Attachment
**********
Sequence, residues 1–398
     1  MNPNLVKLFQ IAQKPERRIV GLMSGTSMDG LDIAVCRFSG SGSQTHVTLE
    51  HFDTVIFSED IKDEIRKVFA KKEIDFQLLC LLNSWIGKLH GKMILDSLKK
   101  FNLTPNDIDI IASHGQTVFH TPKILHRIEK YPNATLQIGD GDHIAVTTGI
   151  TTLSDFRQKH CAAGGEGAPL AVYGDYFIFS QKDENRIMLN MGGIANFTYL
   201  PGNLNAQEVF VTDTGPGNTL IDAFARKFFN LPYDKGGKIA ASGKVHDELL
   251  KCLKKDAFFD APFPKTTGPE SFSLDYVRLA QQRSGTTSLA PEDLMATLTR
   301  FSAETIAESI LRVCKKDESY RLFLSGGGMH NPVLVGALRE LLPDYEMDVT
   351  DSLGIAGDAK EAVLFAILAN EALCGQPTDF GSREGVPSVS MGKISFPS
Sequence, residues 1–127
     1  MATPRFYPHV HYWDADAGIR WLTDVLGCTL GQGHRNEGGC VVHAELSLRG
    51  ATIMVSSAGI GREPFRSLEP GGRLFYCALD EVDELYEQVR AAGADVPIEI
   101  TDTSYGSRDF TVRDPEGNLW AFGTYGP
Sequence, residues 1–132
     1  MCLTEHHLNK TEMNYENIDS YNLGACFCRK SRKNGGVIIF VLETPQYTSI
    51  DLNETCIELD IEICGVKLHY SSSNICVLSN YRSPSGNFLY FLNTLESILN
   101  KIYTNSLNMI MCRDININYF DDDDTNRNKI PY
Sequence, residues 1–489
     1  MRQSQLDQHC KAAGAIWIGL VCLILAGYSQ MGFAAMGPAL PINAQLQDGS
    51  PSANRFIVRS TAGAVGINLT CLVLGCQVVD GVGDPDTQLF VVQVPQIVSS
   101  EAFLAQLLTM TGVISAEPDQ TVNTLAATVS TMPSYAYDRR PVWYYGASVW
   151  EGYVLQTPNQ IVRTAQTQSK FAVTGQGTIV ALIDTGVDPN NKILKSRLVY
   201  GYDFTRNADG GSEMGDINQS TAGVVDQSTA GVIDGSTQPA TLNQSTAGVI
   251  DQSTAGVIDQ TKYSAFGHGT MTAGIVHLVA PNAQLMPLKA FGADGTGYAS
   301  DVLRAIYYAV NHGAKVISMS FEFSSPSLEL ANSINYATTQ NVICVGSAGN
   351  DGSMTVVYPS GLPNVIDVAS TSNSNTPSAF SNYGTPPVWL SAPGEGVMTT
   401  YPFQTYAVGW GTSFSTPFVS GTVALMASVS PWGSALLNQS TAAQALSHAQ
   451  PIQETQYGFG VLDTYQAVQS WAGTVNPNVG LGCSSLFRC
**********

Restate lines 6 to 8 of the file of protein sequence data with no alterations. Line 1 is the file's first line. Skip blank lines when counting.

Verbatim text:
   201  PGNLNAQEVF VTDTGPGNTL IDAFARKFFN LPYDKGGKIA ASGKVHDELL
   251  KCLKKDAFFD APFPKTTGPE SFSLDYVRLA QQRSGTTSLA PEDLMATLTR
   301  FSAETIAESI LRVCKKDESY RLFLSGGGMH NPVLVGALRE LLPDYEMDVT